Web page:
The optimized 11-strain GUT-108 consortium was rationally designed to build on the proof-of-concept results obtained with GUT-103. GUT-108 went beyond members of the Clostridium clusters IV and XIVa strains, including Bacteroides and Akkermansia species. Furthermore, based on their genome analysis, strains with undesirable properties including the presence of transferable antibiotic resistances or putative virulence factors were excluded. We also omitted species that are fastidiously anaerobic, such as Faecalibacterium prausnitzii, from the GUT-108 consortium. Compared to GUT-103, GUT-108 strains provide additional redundancy for the synthesis of the protective secondary bile acids LCA and DCA, plus multiple mechanisms to compete with opportunistic pathogenic Enterobacteriaceae including synthesis of the siderophore yersiniabactin, and lantibiotics. In the inflammatory gut environment of humanized Il10−/− mice, beneficial Lachnospiraceae and Ruminococcaceae family members are decreased while opportunistic Enterobacteriaceae are increased42, as reported for Crohn’s disease patients32,43. Therapeutic application of GUT-108 reduced levels of colitogenic Enterobacteriaceae and increased beneficial resident Clostridium (Clusters IV and XIVa) species, especially Lachnospiraceae including Dorea species and Lachnoclostridium species that are not GUT-108 constituents (Fig. 4b). This altered community composition increased cecal luminal propionate concentrations, but not butyrate levels (Fig. 4f). Previous studies demonstrated that butyrate levels are not necessarily an indicator of a healthy gut microbiome, as butyrate synthesis from fermentation of amino acids such as lysine can contribute to inflammation under conditions associated with mucosal permeability44.

GUT-108 increased expression of Gpr41 and showed an upward trend for Gpr43 in Il10−/− mice humanized with a fecal transplant (Supplementary Fig. 5). As previously reported, SCFA produced by gut bacteria stimulate Tregs8 with propionate’s effect mediated through GPR4336. SCFA also mediate the function of GPR41, a key regulator that controls host energy balance45.

With its functional redundancy and metabolically interdependent auxotrophies, GUT-108 is designed to engraft and perform under a wide range of conditions. When applied to Il10−/− mice humanized with a fecal transplant, all GUT-108 strains except Clostridium scindens GGCC_0168 were established for at least 2 weeks. Clostridium scindens has been previously described as one of the essential strains necessary to convert primary bile acids into LCA and DCA. However, despite the absence of this strain, the established functional multi-strain network produced secondary bile acids, with Extibacter sp. GGCC_0201 providing the 7α-dehydratase activity required to convert CA and CDCA into the therapeutic secondary bile acids DCA and LCA, respectively. Normalizing the intestinal bile acid profile can restore intestinal epithelial stem cell function46, and increase colonic RORγ+ Treg cell counts that ameliorate host susceptibility to colitis47, while LCA stimulates Treg differentiation and inhibits Th17 cells48 consistent with GUT-108’s ability to restore secondary bile acid metabolism (Fig. 4f) and activate inducible IL-10+ RORγ FoxP3+ CD4+ Treg cells (Fig. 3f). GUT-108 stimulated regulatory (protective) immunity by increasing numbers of colonic LP IL-10-producing CD4+ T cells, B cells and DC and numbers and percentages of regulatory T cells, including inducible Tregs (IL-10+ RORγT+ FoxP3+ CD4+ cells) and IL-10+ Tregs (Fig. 3f). We further documented the anti-inflammatory effects of therapeutic GUT-108 in Il10−/− mice humanized with a fecal transplant by demonstrating that GUT-108 decreased IFN-ɣ+, IL-17α+, and IFN-ɣ+ IL-17α+ synthesizing colonic LP CD4+ TH1 and TH17 cells (Fig. 5a) and reduced expression levels of innate and Th1 and Th17 pathway cytokines, including IL-1β, IL-12p40, IL-13, IL-17α, IFNγ, and TNFα (Fig. 5b). Interestingly, GUT-108 treatment increased expression of IL-15 mRNA, a homeostatic cytokine that controls T cell inflammatory responses. Exogenous IL-15 treatment decreases IL-17α expression by Th17 cells in vitro through STAT5 enrichment at the IL-17 locus49, consistent with the ability of GUT-108 therapy to increase IL-15 gene expression and decrease IL-17α mRNA expression in colonic LP cells (Fig. 5b).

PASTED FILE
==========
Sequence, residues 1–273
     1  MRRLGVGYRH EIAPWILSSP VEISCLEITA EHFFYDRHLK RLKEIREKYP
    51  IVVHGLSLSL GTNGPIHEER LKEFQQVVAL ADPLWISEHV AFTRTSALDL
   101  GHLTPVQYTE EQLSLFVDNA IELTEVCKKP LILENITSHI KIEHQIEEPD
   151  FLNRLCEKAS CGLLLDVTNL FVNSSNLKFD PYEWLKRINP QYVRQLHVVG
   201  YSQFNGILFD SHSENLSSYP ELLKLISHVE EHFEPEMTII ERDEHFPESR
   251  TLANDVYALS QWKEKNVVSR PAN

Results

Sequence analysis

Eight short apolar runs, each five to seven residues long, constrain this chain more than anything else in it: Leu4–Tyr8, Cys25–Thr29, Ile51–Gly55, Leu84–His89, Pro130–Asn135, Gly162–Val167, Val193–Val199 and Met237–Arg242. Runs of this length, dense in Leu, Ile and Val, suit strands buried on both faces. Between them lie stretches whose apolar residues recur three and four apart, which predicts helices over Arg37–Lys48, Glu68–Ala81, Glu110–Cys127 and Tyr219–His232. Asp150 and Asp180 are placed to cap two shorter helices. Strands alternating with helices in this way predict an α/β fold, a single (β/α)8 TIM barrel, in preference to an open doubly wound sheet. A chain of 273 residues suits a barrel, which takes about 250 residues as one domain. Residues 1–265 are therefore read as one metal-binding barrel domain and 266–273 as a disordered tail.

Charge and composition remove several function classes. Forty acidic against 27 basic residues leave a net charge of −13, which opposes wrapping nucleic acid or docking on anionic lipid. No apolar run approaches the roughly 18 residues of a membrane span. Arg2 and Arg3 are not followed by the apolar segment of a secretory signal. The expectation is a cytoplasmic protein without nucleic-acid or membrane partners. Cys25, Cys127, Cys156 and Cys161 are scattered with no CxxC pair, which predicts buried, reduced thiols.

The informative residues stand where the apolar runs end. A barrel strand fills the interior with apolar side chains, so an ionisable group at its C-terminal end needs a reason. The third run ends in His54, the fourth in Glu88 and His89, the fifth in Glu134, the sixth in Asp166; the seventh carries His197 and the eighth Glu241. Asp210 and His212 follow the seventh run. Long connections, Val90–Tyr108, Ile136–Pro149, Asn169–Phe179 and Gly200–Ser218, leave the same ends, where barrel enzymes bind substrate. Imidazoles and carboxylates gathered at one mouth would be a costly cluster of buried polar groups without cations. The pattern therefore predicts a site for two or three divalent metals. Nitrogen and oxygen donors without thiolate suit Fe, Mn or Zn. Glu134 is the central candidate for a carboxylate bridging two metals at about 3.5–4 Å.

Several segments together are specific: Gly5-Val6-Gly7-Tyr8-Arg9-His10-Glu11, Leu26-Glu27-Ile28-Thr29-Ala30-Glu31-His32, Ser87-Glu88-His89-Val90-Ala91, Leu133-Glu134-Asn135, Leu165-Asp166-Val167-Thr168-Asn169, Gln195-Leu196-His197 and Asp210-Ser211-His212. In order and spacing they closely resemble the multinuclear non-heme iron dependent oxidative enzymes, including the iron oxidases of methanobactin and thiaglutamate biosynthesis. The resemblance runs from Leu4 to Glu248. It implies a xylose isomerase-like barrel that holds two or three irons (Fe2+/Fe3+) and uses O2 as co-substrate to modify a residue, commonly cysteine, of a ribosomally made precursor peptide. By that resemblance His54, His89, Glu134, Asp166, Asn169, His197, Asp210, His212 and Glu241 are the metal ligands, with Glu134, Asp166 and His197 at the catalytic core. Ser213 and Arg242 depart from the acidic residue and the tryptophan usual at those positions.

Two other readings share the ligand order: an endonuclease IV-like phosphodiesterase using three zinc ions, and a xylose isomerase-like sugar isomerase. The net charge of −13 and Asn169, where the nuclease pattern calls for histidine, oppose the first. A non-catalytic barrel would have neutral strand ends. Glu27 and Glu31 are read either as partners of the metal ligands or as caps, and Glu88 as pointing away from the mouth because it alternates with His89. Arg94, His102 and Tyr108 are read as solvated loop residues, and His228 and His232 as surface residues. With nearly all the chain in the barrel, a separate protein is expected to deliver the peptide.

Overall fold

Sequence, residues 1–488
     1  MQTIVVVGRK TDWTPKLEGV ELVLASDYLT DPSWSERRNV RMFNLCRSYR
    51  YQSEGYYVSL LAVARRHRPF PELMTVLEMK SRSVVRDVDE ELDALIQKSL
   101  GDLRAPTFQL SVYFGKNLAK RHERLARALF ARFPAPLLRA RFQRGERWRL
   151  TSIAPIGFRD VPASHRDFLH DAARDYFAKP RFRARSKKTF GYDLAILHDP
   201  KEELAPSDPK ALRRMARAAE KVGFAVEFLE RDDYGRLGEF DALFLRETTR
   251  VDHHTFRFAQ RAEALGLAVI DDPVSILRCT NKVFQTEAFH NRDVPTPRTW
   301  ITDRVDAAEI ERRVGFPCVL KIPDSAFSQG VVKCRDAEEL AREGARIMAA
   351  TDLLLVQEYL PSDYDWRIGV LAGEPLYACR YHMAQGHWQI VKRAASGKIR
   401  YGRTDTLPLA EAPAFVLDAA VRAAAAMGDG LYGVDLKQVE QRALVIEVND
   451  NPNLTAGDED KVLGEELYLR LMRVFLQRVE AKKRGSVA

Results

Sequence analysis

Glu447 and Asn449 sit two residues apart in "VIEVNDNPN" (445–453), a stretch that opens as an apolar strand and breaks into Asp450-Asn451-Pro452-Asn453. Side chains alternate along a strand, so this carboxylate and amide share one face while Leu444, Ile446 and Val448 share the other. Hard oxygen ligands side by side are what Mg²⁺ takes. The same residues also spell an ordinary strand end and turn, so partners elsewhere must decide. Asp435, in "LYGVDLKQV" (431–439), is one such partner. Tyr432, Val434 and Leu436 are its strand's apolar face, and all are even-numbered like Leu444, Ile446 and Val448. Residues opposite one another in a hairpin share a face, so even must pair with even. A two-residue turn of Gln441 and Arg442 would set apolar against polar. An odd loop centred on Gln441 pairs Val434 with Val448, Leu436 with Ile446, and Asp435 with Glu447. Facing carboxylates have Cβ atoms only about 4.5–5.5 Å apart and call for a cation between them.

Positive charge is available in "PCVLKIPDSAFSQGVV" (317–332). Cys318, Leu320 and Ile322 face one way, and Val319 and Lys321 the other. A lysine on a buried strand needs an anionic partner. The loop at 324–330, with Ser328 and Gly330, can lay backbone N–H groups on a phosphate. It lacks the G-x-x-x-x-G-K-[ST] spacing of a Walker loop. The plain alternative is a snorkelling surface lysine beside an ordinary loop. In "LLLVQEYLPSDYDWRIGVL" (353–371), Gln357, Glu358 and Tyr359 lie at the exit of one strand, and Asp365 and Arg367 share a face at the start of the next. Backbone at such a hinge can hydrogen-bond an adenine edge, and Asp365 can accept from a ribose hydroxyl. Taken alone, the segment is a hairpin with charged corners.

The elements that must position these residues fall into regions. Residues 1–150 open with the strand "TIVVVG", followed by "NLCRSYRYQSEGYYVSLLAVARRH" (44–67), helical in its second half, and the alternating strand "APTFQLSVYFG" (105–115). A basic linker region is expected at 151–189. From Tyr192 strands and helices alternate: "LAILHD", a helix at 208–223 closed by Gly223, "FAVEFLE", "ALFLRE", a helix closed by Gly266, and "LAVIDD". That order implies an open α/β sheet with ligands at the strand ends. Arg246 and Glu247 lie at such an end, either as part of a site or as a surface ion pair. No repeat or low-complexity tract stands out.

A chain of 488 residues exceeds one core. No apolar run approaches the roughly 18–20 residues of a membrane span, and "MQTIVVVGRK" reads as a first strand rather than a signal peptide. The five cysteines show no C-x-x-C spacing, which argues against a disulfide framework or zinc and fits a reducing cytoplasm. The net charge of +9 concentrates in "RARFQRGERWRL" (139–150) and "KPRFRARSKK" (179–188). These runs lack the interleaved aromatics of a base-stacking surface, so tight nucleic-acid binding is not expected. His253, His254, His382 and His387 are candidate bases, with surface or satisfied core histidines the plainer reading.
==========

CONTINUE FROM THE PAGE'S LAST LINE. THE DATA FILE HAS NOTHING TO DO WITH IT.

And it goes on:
Increased intestinal bacterial metabolism of tryptophan, especially indole and its derivatives IAA and IPA, activates the Ahr pathway. AHR acts as a sensor of the microbiota community and, through its established role of modulating immune functions, maintains host-microbe homeostasis50. IPA is also a pregnane X receptor (PXR) agonist mediating its responses through TLR451. GUT-108 therapy increased both IAA and IPA levels in stool (Fig. 4f) and colonic Ahr gene expression (Fig. 5c). AHR is a critical mediator of anti-inflammatory responses to infection by bacterial pathogens and of the differentiation and function of immune cells including T cells, innate lymphoid cells, macrophages and DC28. AHR promotes the expression of the anti-inflammatory cytokine IL-10 and inhibits macrophage apoptosis, decreases the expression of inflammatory cytokines (IL-6 and TNF-α) and inhibits activation of NF-κB. Therefore, the Ahr pathway is critical to protect from excessive inflammatory cytokine expression and septic shock. In addition, Ahr pathway activation protects the mucosa during inflammation52.